Web 2.0 is not a heady financial bubble ready to burst, it is a hot air hype balloon ready to deflate.
The cost-free ease by which 20-something weekend software developers hatch colorful, lightweight, cool apps ready-made for the colorful, lightweight, cool TechCrunch spotlight yields a dizzying parade of often indistinguishable Web 2.0 “feature sets.”
In “Web 2.0 financial success: Easy as 'two weeks and $700 bucks'?” I present Kevin Rose’s description of his $700 bargain basement start-up of Digg:
I was sitting around thinking about how this would play out. My background in school is in computer science. I wrote a scoping document to a friend, who is a developer. The friend said it would take two or three weeks to create and cost 700 bucks, so I said, 'Let's go for it.’
In “Rocketboom: Web 2.0 'success' on $20 a day?” I present The New York Times’ look at the early days of Rocketboom, “TV Stardom on $20 a Day”:
It’s not just cool, though, it’s prescient…In case you’re wondering, it has occurred to Mr. Baron and Ms. Congdon that they just might be sitting on a gold mine. At a cost of about $20 an epiosode, they reach an audience that some days is roughly comparable in size to that of, say, CNN’s late, unlamented ‘Crossfire’ political debate show.
In “Graham on Google: Web 2.0 foe” I quote Paul Graham, financial backer of recently folded online calendar site Kiko via his Y Combinator, on his “no money down” Web 2.0 start-up funding philosophy:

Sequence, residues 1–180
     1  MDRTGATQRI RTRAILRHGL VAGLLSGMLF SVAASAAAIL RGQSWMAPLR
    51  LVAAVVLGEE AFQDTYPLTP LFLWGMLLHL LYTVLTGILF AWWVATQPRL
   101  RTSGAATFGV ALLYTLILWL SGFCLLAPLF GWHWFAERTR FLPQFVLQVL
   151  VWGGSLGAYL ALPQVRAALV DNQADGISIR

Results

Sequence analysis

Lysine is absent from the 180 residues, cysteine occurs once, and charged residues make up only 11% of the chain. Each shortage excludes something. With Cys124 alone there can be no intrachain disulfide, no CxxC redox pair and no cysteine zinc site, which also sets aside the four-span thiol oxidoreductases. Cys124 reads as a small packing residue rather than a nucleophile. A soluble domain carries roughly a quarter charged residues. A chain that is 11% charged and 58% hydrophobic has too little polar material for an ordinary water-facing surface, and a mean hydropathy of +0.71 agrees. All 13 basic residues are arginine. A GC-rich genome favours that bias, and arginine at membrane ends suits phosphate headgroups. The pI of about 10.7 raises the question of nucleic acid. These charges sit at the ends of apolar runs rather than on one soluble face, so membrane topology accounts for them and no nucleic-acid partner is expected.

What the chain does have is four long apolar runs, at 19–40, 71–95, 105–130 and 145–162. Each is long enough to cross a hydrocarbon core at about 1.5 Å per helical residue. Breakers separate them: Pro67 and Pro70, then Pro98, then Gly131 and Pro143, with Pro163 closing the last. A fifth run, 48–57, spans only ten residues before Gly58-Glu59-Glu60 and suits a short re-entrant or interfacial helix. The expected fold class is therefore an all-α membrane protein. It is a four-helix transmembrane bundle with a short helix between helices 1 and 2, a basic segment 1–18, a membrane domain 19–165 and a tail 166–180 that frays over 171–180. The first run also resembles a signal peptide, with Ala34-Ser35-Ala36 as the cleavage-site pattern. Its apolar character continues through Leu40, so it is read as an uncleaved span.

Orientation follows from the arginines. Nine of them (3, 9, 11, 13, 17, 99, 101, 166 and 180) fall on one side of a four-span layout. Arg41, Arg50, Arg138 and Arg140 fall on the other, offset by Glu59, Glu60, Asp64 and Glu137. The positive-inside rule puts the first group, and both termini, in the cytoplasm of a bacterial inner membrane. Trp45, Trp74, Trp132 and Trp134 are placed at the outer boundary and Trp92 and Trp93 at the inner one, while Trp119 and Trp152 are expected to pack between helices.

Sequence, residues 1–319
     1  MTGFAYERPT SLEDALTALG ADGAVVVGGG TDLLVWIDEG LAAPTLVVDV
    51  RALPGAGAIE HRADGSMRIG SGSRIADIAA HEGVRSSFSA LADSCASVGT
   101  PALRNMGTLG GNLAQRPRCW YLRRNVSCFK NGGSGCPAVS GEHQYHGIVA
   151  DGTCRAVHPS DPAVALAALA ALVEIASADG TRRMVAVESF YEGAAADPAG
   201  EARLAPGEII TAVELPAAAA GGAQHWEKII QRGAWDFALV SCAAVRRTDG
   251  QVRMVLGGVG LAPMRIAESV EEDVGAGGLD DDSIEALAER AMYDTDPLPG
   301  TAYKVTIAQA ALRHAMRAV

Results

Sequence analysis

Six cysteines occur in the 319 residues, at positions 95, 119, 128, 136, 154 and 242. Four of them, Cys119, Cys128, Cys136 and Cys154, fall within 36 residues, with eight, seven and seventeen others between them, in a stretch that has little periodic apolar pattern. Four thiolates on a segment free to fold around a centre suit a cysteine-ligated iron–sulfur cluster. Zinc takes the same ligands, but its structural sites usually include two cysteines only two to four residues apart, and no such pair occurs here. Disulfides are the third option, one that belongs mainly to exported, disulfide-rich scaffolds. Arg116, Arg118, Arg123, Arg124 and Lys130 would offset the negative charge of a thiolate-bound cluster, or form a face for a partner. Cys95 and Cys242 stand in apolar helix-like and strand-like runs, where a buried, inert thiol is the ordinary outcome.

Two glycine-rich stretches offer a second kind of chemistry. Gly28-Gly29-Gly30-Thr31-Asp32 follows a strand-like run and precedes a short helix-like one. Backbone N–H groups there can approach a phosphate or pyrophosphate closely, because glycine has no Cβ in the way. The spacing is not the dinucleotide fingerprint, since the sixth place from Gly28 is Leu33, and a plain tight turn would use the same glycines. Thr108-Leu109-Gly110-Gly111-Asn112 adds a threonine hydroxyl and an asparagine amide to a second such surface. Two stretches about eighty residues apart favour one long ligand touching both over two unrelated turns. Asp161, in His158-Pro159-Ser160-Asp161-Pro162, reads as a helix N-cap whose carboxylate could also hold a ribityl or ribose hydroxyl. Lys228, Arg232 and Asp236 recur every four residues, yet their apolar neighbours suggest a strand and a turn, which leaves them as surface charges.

There's another encouraging point here for the new generation of web startups. Failure is not a disaster when you're very light. The total amount raised by Kiko in its existence would be about six months' salary for a first-rate developer. There's a good chance they'll recover most of it by selling their code. They only had one employee besides themselves. So this is not an expensive, acrimonious flameout like used to happen during the Bubble.
How can there be a financial bubble if the Web 2.0 community boasts about the near cost-free and risk-free nature of “starting-up”? As little time or money is invested in the typical try at Web 2.0 glory, however, there is also little emotional investment, or sweat equity created.
The Kiko demise headline is not "Google kills Web 2.0," it is "Web 2.0 gets bored."
In “Eight sure ways to get in TechCrunch Deadpool” I cite the Kiko team on their lack of dedication and commitment to putting in the time and effort necessary to grow a viable business for the long-term:
As you might have noticed, we haven't been actively working on the site for a few weeks…We are selling Kiko because we want to have time to work on other projects as a development team. We had a project in mind we just didn't want to wait on :)
we thought that the release of Google Calendar might be good because it would push one of the other big players into acquiring a calendar application to compete. 30boxes had stated that they didn't want to be bought out so, as the #3 player, things were looking hopeful. Things didn't pan out, but that's okay. None of us were ever had a Lexus on hold
A handful of deep pocketed corporate players willing to overpay their way into the Social Web does not equal a heady financial bubble.
Legions of under invested and under motivated amateur entrepreneurs does equal a hot air hype balloon.